We Talked to an Ecologist About the Ethics of Owning a Horned Lizard
And the consequences of putting them in a mech suit.
Photo: Casey Myers/Flickr
On Tuesday, I wrote a post about a seemingly harmless video where a lizard rides atop a mech suit. I guessed the reptile was a bearded dragon, but an eagle-eyed reader suggested on Facebook that it was in fact a "horny toad," a.k.a. horned toad, a.k.a. horned lizard. (It's called a toad even though it is definitely a lizard.) We wanted to be sure of things before we issued a correction, so I emailed wildlife ecologist, research professor, and reptile enthusiast Dr. David Steen to clear up the matter.
He told me the creature in the video is indeed a horned lizard, and added that it seemed to be showing signs of distress. I felt guilty for being so flippant about the little dude's predicament, so let's clear the air: do not own a horned lizard as a pet, and especially do not put it in a mech suit. (Don't put a bearded dragon in a mech suit, either.)
MOTHERBOARD: First, could you give a little expert background on the two species? It seems they're easily confused—how can one tell them apart?
David Steen: One of the big differences between horned toads and bearded [dragons] is that they come from completely different parts of the world. Bearded dragons come from Australia and horned toads live in North America. Despite looking superficially similar, they are not actually closely related, they've just evolved to survive in similar kinds of habitats, particularly arid regions.
Bearded dragons are a group of eight different species that make up the genus Pogona. Horned lizards, which are also sometimes called horny or horned toads, are a group of over a dozen lizards within the Phrynosoma genus. Bearded dragons are generally larger and more elongate than horned lizards, which appear relatively squat. Horned lizards also have a relatively small head compared to bearded dragons.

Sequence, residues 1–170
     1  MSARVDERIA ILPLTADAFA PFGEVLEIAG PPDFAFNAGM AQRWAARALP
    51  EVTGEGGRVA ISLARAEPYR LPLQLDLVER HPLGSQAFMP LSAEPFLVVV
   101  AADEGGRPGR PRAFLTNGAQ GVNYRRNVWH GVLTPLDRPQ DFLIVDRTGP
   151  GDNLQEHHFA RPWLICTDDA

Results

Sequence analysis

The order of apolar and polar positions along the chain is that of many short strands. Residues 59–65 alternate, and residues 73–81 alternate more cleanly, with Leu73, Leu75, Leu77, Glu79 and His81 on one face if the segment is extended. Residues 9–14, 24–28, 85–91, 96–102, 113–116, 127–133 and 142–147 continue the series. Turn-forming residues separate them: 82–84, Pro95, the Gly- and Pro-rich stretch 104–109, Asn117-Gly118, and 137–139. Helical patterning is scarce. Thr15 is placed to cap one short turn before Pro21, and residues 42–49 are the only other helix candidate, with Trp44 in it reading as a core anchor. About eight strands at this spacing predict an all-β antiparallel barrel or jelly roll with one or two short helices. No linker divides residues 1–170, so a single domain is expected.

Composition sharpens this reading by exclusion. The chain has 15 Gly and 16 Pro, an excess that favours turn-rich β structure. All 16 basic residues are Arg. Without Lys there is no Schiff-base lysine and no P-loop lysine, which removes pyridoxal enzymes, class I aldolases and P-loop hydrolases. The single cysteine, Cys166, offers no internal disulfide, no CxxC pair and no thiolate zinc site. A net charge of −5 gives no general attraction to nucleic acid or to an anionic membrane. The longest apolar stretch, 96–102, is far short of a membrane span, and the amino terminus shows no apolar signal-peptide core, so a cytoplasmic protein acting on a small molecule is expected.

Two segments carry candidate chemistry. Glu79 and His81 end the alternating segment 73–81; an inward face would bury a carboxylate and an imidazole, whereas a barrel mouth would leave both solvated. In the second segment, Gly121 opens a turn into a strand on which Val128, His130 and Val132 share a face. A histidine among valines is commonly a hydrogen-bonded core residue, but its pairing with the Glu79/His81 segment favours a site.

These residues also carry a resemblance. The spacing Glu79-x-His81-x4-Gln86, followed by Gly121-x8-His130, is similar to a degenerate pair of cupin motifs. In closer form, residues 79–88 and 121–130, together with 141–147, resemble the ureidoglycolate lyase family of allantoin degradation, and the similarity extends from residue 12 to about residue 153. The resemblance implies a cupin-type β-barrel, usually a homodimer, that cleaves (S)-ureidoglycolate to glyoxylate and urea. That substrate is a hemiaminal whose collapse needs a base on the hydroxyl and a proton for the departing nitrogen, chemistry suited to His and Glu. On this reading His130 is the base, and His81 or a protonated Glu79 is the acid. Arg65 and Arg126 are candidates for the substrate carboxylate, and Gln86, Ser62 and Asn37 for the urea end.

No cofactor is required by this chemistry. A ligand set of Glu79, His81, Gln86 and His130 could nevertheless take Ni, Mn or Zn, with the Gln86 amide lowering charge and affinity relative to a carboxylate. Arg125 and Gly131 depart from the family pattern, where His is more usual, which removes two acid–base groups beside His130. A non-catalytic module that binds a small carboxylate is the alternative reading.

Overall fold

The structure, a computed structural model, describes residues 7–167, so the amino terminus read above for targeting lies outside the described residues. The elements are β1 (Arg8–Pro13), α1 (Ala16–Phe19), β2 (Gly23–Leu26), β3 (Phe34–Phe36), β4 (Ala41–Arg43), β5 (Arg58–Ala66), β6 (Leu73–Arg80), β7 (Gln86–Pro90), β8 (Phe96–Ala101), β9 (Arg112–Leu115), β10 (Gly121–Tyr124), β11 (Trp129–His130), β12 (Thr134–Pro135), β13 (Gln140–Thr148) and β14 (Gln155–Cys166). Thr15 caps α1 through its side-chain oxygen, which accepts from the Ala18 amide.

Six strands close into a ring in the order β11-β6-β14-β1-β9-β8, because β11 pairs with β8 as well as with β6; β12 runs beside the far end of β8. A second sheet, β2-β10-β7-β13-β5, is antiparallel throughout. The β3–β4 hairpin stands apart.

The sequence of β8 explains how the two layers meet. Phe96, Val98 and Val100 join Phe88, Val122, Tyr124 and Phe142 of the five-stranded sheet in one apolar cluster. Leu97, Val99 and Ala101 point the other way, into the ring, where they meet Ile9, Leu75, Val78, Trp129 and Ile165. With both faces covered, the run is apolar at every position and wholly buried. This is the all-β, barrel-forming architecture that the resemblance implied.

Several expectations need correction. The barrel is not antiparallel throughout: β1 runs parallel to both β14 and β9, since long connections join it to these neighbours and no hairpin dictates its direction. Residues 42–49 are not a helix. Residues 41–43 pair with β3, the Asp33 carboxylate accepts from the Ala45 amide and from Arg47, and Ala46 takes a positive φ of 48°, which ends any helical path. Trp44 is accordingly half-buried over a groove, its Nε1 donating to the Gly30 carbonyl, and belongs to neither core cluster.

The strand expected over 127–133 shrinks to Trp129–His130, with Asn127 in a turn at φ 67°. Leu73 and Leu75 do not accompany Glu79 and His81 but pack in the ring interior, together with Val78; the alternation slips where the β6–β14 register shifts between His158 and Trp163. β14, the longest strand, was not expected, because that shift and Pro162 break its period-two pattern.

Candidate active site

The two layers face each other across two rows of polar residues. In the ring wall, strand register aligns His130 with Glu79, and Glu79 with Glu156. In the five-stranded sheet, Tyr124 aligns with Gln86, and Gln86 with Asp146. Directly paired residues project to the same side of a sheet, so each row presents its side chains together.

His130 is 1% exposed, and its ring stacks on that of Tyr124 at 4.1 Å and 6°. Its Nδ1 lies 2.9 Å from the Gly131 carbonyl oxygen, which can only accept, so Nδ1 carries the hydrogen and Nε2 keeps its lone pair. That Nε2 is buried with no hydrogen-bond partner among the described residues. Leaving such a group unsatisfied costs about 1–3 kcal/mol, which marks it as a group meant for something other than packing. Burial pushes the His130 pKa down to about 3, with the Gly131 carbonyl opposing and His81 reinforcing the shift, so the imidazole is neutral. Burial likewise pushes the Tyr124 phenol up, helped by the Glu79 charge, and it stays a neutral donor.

I know bearded dragons make pretty good pets, but I've never heard of someone keeping a horned lizard as a pet. Are they responsive to being "domesticated?"
Horned lizards don't make good pets because they typically have a very specific diet: ants.
It seems some people just snatch them up out of the wild and take them home. Speaking as a scientist, what are the ecological implications and consequences of doing that?
I never recommend collecting wild animals as pets. This is particularly true for many reptiles and amphibians.
In many areas, illegal or unregulated collecting of wild reptiles and amphibians is an important contributor to population declines. Some species of horned lizards are increasingly rare and we should focus on making sure their wild populations are secure. In most cases the primary cause of this rarity is habitat loss but collecting can contribute to the problem.
What do you think in general of reptiles being kept as pets, versus animals like dogs which have actually sought human companionship over hundreds of years?
I don't own any pets, but when I was young one of my favorite pastimes was walking through nearby streams and forests looking for reptiles and amphibians. I was not allowed to keep any of these animals as pets, but I could hold them in a tank for a week or two before releasing them where I found them. I think that might be a good compromise that allows kids to learn more about their local wildlife without necessarily causing them any problems. Folks should learn the laws and regulations of their state, however. Today, I much prefer to appreciate animals in their natural environments and I encourage others to do the same.
What happens to the health of a lizard when they're stressed out like this one is? Can it have permanent effects?
Although I do not have much experience with reptile physiology, I know many medical doctors encourage us all to manage stress in healthy ways or risk long-term problems down the road.